Coming up in Term 2 we will be working with the NPBHS Green Team, Patea Area School, Hawera Intermediate and Devon Intermediate. 

Inspiring Interview with Kati Freeman on the Hokonui Breakfast Show

 

Kati Freeman, the GM of Sustainable Taranaki is interviewed by Charlotte Littlewood on the Hokonui Breakfast Show where she discusses the rebrand and new logo for Sustainable Taranaki, formerly known as the Taranaki Environmental Education Trust publicly. 

Kati has impressive credentials and is a skilled communicator who is leading the way for Sustainable Taranaki supported by a great team of Trustees and coordinators. 
 

Have a quick listen to learn what's in the pipeline. 

Hokonui intelligent radio featuring local people.

 

 

 

 

 

IMPACT Program kicks off 2018 in Inglewood, Norfolk, and Egmont

In the first school term the Impact team have been working with groups of youth throughout the region. Each group has been really creative in researching sustainability projects in which they can take positive action on.

Inglewood Primary have a beautiful forested area along a stream on the edge of their property. The Impact team want to identify what native trees, bird life and reptiles are in the area and make educational signs to share this with their community. They are also planning to take out weeds in the area and plant more native trees.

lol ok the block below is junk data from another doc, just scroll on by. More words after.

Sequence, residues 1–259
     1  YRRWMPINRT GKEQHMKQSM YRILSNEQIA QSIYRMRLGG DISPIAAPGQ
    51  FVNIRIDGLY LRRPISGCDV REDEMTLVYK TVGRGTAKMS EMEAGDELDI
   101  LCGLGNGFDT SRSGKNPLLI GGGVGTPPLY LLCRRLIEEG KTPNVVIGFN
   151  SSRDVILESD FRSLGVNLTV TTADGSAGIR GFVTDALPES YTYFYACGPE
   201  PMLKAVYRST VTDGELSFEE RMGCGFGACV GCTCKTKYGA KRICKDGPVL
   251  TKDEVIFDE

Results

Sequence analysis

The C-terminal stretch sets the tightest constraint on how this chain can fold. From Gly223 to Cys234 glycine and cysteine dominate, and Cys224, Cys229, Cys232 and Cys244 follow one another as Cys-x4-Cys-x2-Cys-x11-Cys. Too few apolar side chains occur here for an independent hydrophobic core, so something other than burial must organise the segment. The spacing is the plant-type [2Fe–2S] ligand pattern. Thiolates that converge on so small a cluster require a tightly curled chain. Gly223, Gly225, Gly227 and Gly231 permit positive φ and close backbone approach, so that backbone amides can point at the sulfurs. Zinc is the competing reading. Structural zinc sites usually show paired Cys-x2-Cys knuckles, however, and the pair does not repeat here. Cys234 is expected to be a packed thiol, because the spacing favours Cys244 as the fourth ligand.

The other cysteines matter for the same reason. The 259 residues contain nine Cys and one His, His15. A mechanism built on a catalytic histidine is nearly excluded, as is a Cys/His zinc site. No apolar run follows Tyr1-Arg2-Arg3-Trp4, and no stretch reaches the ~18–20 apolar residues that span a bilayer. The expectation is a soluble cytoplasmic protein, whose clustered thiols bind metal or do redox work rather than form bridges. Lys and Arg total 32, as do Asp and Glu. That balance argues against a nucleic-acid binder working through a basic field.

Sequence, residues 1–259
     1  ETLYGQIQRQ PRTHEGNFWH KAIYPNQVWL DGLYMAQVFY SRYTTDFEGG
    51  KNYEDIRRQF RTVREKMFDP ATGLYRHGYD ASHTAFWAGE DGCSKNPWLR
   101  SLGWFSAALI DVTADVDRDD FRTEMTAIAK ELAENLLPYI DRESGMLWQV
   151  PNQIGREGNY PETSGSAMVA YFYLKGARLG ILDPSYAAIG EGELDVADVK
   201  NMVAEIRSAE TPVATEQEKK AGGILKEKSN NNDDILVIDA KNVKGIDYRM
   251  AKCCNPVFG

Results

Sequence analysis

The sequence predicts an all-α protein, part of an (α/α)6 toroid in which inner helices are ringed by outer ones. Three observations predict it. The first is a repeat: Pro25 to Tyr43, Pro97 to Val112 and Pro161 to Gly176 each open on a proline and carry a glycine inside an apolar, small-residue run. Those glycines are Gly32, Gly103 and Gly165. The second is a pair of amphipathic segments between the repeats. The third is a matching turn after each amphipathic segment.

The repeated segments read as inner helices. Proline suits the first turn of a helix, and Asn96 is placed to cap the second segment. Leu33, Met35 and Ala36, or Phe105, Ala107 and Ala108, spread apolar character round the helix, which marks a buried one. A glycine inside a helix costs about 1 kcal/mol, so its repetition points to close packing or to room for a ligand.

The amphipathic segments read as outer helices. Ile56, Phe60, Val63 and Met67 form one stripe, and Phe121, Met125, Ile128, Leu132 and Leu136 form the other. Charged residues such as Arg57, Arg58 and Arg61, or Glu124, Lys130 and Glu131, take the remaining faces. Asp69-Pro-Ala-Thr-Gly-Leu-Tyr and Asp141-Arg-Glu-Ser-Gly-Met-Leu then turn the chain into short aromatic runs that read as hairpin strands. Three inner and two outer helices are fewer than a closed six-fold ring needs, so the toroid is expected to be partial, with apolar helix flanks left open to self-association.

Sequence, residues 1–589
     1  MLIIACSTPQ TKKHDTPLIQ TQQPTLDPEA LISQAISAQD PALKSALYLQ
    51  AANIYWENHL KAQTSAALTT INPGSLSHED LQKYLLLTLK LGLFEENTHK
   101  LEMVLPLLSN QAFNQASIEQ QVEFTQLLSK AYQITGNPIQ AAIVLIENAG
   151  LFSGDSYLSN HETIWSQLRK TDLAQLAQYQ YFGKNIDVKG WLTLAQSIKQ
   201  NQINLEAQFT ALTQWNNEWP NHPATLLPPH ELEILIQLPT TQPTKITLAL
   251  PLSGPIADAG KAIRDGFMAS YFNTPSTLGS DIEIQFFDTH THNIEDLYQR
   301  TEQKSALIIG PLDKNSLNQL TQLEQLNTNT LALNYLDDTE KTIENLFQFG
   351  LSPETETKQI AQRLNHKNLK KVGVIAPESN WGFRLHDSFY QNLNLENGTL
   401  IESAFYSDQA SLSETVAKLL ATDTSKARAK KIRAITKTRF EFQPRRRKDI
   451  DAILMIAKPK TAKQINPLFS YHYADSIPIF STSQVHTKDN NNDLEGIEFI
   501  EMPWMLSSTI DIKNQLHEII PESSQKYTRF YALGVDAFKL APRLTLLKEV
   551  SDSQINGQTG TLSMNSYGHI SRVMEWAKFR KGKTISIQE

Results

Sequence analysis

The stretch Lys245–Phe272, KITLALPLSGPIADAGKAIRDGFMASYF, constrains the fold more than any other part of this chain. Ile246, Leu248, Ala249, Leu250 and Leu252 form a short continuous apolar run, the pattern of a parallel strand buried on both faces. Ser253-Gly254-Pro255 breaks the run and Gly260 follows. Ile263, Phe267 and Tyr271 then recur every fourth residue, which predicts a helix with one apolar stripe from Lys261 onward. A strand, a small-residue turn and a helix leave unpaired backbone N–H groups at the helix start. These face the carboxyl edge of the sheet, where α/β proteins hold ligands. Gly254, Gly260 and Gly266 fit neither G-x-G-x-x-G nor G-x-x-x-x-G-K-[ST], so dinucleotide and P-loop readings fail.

Norfolk Primary are currently in the early stages of working towards an upcycling project, using waste materials to create something for the school.

Egmont Village Primary students are interested in water conservation, with the school being on rain water supply for their drinking water. They are researching how they can collect rainwater for their school vegetable garden. They are are looking to make a short documentary film to educate their community about how to save water.

Spotwood College are in the early stages of designing an orchard space near the boundary with Spotswod Primary. Their idea is to involve both schools in learning about growing your own produce.

We look forward to watching these projects progress over the coming weeks

- Laine and Erin, IMPACT Coordinators

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IMPACT Program Update: Highlands Intermediate and Coastal School